GHANA

I. Political Context

Ghana is a coastal state with an estimated population of 23.8 million. The presidential election in December 2008 ended in a very close run and saw the victory of opposition leader John Atta Mills. The election ‐ considered to be transparent, free and fair by the international community ‐ reinforced Ghana's image as one of the most democratic countries in West Africa. However, the discovery of oil reserves off its coast may have a negative impact on the political stability. In recent years, the country has been heavily affected by trans‐Atlantic cocaine trafficking. Taking up the topic, the government organized a high‐level conference on drugs and crime in March 2009 and sent a strong message that Ghana has a serious intention to tackle organized crime and cocaine trafficking. Between 2006 and 2008, significant drug seizures were reported.

On 24 June 2009, the Minister of the Interior and UNDOC signed a MoU for the elaboration of a National Integrated Programme for Ghana. An assessment mission conducted in March 2010 marks the beginning of the process.

II. Programme Objectives

UNODC has already been very active in the country with four major projects on 1) container control ( Global Container Control Programme); 2) trans‐Atlantic intelligence exchange (project Law Enforcement and Intelligence Cooperation against Cocaine Trafficking from Latin America to West Africa); 3) law enforcement training (CBT centre); and 4) irregular migration (project IMPACT LEN).

The launch of the assessment phase for developing the NIP was initiated in March 2010 with a UNODC expert led mission. Although it may still be too early to provide the particular objectives of Ghana's NIP, a focus on combating drugs, crime and terrorism is obvious. The time frame for implementation will be similar to other NIPs, i.e. four years.

III. Main Outputs

Taking into account current UNODC projects in the country, the activities of other bilateral aid providers, the ECOWAS Regional Action Plan to address the growing problem of illicit drug trafficking, organized crime and drug abuse in West Africa as well as the ECOWAS Political Declaration on the Prevention of drug Abuse, Illicit Drug Trafficking and Organized Crimes in West Africa, the following main elements may be drawn:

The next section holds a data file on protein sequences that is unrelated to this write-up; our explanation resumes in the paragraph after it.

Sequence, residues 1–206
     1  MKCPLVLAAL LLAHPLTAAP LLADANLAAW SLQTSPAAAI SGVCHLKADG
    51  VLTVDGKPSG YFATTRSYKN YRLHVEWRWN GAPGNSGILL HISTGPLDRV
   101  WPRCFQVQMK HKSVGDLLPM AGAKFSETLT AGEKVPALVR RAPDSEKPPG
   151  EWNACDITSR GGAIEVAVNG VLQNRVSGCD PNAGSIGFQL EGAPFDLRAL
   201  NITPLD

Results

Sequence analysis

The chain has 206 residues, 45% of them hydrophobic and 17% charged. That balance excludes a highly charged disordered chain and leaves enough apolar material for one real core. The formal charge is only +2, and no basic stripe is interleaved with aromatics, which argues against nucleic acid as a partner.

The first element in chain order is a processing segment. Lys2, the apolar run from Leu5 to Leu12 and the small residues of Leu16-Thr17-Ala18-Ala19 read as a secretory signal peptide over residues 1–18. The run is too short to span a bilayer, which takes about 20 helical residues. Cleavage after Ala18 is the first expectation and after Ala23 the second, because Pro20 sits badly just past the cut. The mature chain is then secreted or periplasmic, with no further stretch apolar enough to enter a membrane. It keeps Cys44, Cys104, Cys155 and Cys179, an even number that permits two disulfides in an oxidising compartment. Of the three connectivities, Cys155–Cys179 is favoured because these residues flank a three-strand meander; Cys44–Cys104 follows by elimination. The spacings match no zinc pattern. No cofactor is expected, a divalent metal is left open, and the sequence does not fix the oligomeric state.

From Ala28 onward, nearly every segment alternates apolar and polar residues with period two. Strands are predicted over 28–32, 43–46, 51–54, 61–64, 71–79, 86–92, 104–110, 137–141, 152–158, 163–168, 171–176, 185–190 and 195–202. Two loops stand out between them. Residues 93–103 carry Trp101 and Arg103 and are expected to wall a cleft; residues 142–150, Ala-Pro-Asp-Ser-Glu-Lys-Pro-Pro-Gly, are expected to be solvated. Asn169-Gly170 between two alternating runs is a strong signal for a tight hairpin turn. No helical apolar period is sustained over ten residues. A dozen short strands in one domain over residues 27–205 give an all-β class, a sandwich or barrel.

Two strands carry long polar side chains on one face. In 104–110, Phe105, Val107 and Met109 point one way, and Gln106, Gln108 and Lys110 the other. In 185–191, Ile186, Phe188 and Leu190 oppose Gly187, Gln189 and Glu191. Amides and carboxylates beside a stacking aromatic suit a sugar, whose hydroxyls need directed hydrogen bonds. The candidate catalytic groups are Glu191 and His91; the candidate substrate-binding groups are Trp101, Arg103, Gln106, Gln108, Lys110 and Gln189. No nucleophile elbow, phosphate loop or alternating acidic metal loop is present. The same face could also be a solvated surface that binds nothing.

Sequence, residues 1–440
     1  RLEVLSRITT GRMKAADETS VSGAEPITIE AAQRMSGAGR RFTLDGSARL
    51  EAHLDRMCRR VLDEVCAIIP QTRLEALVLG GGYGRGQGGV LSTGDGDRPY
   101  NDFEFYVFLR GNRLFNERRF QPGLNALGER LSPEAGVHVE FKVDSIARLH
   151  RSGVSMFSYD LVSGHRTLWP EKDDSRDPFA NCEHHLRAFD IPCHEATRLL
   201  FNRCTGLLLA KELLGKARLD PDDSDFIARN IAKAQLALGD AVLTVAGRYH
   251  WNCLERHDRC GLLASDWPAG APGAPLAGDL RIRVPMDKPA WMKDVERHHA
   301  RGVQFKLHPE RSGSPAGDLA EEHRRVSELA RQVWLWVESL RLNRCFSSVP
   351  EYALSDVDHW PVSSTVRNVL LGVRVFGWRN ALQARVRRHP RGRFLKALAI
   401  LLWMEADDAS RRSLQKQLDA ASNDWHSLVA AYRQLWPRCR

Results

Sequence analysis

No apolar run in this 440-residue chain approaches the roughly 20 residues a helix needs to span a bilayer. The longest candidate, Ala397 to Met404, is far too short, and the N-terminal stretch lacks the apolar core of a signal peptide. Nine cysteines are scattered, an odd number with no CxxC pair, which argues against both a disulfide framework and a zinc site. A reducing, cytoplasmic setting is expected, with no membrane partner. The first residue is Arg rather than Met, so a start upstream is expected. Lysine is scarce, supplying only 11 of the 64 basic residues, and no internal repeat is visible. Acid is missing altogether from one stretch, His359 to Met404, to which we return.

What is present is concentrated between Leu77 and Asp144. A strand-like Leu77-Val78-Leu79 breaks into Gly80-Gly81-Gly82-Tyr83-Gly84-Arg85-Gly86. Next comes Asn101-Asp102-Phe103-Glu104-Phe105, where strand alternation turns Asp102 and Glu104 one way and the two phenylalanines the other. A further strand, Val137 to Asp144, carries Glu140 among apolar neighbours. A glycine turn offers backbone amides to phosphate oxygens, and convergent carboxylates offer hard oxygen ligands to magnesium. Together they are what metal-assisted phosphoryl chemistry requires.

a) Awareness and Research

A victimization survey and a research on the extent of drug abuse are conducted.

b) Drug Prevention and Health

A national policy on drug abuse and HIV/AIDS prevention among (injecting) drug users is developed;

Targeted capacity building activities for health and social sector professionals are implemented;

Support is provided for interventions in the areas of drug abuse prevention for the general public, outreach services for vulnerable groups, treatment and reinsertion of drug users;

A comprehensive package of services regarding HIV/AIDS, STI, TB and Hepatitis in prison settings is provided;

Mainstreaming HIV/AIDS and drug abuse prevention into activities linked to law enforcement and justice is achieved;

Implementation of recommendations from the Regional Consultation on HIV is supported.

c) Organized Crime, Illicit Trafficking and Terrorism

Law enforcement training is further strengthened and infrastructure is improved;

NACOB capacities are strengthened;

Law enforcement patrolling capacities are improved;

Intelligence and information gathering, analysis and exchange capacities are enhanced;

A Joint Interdiction Team at the international airport is created and links with the UK‐sponsored Westbridge operation are established;

The Financial Intelligence Unit's (FIU) capacities are strengthened and all relevant actors are sensitized to AML and CFT;

The national legislative framework (terrorism, drug trafficking, migrant smuggling, corruption, etc.) is revised and put in accordance with international commitments taken by the country. Advocacy for the ratification and implementation of other relevant international conventions and protocols is also conducted.

d) Justice and Integrity

Specialized training to practitioners is delivered and syllabuses are reviewed;

Support to the Anti‐Corruption Agency (ACA) is provided and the country takes part in the UNCAC review mechanism;

Support to comprehensive criminal justice reform is provided;

Support for an effective international cooperation in criminal matters is provided;

A witness protection and victim assistance programme is put in place;

The penitentiary system has undergone reform and applies international standards;

Support to juvenile justice reform is provided.

Mitigation and Risk Factors:

The main risks relate to political commitment and operational engagement. Since technical assistance programmes require the full commitment of the beneficiary agency(ies), lack of engagement and political will could jeopardize the results sought.

IV. Monitoring and Evaluation

Similar to other NIPs, the programme is likely to include a Steering Committee comprising all the main direct beneficiaries, UNODC and the donors, that will monitor and prioritize interventions at the operational level. The Committee would meet at least on a quarterly basis. Once a year, a high‐level segment meeting comprised of ministerial counterparts would review past activities, validate annual work plans and receive a report on the impact of past measures. At mid‐term and at the end of the NIP, evaluations will be conducted by external experts following modalities jointly agreed upon by the national authorities, UNODC and the donors.